Mirror of Justice

A blog dedicated to the development of Catholic legal theory.
Affiliated with the Program on Church, State & Society at Notre Dame Law School.

Friday, July 2, 2021

Bill Cosby's release and the rule of law

As we begin the 4th of July weekend, we should not celebrate the fact that serial rapist Bill Cosby has been released from prison. His freedom is yet another trauma inflicted on his victims. We should, however, be grateful that we live in a country where the rule of law is followed, even when it results in wrongdoers going free.

Back in 2005, Montgomery County District Attorney Bruce Castor learned that Andrea Constand reported that Bill Cosby had sexually assaulted her in 2004. After investigating, Castor concluded that, unless Cosby confessed, “there was insufficient credible and admissible evidence upon which any charge against [him] . . . could be proven beyond a reasonable doubt.” Castor decided that the Commonwealth of Pennsylvania would refrain from prosecuting Cosby, thus allowing him to be forced to testify in a civil suit brought by Constand.

This decision meant that the Fifth Amendment’s privilege against self-incrimination would not be available to Cosby – i.e., there was no possibility of criminal charges being brought based on Constand’s allegations. So Cosby provided four sworn depositions in Constand’s civil suit – not once invoking the Fifth Amendment – and ended up settling the suit for $3.38 million.

After the records of the civil suit were released in 2015, Castor’s successor as District Attorney reopened the criminal investigation of the Constand case despite being warned by Castor that “I intentionally and specifically bound the Commonwealth that there would be no state prosecution of Cosby in order to remove from him the ability to claim his Fifth Amendment protection against self-incrimination, thus forcing him to sit for a deposition under oath.” The criminal case nevertheless proceeded, and the deposition testimony Cosby provided in the earlier civil suit was crucial to the prosecution.

In this week's ruling, the Pennsylvania Supreme Court observed that courts are obligated “to hold prosecutors to their word, to enforce promises, to ensure that defendants’ decisions are made with a full understanding of the circumstances, and to prevent fraudulent inducements of waivers of one or more constitutional rights.” Society “holds a strong interest in the prosecution of crimes,” but “no such interest, however important, ever can eclipse society’s interest in ensuring that the constitutional rights of the people are vindicated.” Accordingly, the Court ruled, Cosby’s convictions and sentence must be vacated.

My favorite explanation of why the rule of law matters is offered by Robert Bolt in “A Man for All Seasons” when he depicts an exchange between Sir Thomas More and a young idealist, William Roper, about giving the accused the benefit of the law:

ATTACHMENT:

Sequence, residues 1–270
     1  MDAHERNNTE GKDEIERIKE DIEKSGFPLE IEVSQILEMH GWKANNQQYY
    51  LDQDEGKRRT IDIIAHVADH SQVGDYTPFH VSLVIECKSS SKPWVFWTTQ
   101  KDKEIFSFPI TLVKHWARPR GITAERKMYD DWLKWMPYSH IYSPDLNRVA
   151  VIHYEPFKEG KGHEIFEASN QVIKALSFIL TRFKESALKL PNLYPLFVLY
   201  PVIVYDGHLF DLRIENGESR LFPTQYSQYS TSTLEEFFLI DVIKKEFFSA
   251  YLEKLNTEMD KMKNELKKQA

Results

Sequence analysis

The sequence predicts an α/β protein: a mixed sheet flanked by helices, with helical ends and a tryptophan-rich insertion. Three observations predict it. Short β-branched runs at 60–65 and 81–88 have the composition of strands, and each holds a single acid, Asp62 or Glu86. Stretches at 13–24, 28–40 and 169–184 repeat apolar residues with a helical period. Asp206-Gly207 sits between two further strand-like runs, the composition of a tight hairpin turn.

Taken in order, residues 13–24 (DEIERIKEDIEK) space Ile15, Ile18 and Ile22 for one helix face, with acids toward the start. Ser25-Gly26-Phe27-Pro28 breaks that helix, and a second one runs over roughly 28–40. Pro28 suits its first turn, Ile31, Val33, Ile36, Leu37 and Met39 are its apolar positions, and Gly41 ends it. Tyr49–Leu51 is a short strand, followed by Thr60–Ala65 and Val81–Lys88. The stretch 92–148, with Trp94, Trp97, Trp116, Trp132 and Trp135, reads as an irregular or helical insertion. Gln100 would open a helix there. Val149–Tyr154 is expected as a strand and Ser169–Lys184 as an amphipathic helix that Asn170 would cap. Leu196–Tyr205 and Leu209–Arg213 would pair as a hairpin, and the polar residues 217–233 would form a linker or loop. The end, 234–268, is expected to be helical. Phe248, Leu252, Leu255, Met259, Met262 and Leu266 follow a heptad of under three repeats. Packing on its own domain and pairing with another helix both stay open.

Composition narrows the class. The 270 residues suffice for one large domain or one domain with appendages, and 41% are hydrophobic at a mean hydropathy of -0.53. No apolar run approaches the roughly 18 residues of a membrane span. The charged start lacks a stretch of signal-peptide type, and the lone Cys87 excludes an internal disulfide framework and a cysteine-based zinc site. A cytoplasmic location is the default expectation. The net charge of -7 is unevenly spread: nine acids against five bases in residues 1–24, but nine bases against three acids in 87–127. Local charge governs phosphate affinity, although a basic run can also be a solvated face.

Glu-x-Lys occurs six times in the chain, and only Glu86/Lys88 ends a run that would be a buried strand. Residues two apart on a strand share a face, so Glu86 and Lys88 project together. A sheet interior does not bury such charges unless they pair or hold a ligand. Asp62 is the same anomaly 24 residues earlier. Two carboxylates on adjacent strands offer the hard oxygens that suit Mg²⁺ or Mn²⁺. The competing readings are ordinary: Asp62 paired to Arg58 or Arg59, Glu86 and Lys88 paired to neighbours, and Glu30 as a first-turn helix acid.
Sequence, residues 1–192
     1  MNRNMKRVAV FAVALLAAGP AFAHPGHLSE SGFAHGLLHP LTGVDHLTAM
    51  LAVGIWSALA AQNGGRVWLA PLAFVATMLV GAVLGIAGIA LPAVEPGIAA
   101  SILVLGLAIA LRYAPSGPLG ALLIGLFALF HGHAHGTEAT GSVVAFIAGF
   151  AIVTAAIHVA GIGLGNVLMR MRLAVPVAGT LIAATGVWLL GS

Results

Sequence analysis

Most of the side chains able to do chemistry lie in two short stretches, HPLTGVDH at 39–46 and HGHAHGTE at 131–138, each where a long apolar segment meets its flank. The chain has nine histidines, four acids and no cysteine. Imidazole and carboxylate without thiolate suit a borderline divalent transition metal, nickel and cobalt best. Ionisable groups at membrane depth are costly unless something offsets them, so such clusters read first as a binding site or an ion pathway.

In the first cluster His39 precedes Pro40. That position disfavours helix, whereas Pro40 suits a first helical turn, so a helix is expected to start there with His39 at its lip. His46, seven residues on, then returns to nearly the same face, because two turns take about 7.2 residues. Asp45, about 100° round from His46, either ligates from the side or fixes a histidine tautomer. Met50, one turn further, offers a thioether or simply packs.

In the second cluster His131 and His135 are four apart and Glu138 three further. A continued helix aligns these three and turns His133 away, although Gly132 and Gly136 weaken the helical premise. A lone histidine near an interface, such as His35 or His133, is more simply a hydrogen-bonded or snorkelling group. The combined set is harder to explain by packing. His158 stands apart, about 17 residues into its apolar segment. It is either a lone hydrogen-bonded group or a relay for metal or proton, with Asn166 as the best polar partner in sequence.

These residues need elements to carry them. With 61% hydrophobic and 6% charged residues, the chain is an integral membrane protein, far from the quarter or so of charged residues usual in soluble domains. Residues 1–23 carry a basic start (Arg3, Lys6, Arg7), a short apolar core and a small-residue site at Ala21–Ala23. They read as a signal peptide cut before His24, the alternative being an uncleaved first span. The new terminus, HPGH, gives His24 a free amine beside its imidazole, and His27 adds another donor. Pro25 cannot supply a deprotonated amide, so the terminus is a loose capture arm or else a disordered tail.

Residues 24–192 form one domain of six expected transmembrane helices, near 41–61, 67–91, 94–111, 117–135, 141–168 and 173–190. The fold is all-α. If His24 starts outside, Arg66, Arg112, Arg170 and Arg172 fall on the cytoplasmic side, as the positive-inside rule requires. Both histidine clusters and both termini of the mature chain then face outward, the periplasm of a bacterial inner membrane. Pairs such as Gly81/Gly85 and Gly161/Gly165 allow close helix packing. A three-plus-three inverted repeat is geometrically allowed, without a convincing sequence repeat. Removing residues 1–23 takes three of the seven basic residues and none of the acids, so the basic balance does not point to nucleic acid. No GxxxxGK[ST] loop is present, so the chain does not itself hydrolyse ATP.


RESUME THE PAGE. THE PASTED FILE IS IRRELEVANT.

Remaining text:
William Roper: “So, now you give the Devil the benefit of law!"

Sir Thomas More: “Yes! What would you do? Cut a great road through the law to get after the Devil?"


William Roper: “Yes, I'd cut down every law in England to do that!”


Sir Thomas More: “Oh? And when the last law was down, and the Devil turned 'round on you, where would you hide, Roper, the laws all being flat? This country is planted thick with laws, from coast to coast, Man's laws, not God's! And if you cut them down, and you're just the man to do it, do you really think you could stand upright in the winds that would blow then? Yes, I'd give the Devil benefit of law, for my own safety's sake!”

American courts must take seriously the rights extended by our Constitution, even when – especially when – the person seeking their protection deserves no public sympathy or solace. I’m not glad that Bill Cosby is free, but I’m glad I live in a country where judges decide his freedom based on what the law requires, not on what they think he – or any of us – deserve.

July 2, 2021 in Vischer, Rob | Permalink

Bruce Frohnen's introduction to Rommen's "The State in Catholic Thought"

After year's of hoarding the Notre Dame Law School library's, I recently bought my own copy of Henrich Rommen's classic The State in Catholic Thought:  A Treatise on Political Philosophy.  The 2016 edition I purchased (published by Cluny Media) comes with an excellent introduction by Prof. Bruce Frohnen, whose work is probably familiar to MOJ readers.  With his permission, I'm posting a little excerpt from that introduction:

Rommen’s task in The State in Catholic Thought is to explain the role the state plays in facilitating ordered pursuit of common goods. The modern nation state in particular too often asserts control over other associations, portraying itself as a single, national "good."  This is the path followed by the tyrannies of the twentieth century against which Rommen struggled.  Those tyrannies included the totalitarian regimes of Hitler, Stalin, and their ilk.  They also included the seemingly more humane regimes of the social democrats, with their utilitarian ethics and hostility toward the higher, more permanent good of the human person. . . . 

In opposition to [social democrats’] false vision of a neutral state, Rommen offers the just social order.  Too often confused with statism and even pursued as a kind of social democracy with confessional window-dressing, the state envisioned by Rommen is, in accordance with Catholic teaching, an accommodating structure serving man’s natural ends.  The state, on this view, works to bring together society’s various communities to reason together and seek common understanding and pursue common ends. It promotes rules ordering their relations with justice, respect for self-government, and attention to the common good.

Get your copy today!

July 2, 2021 in Garnett, Rick | Permalink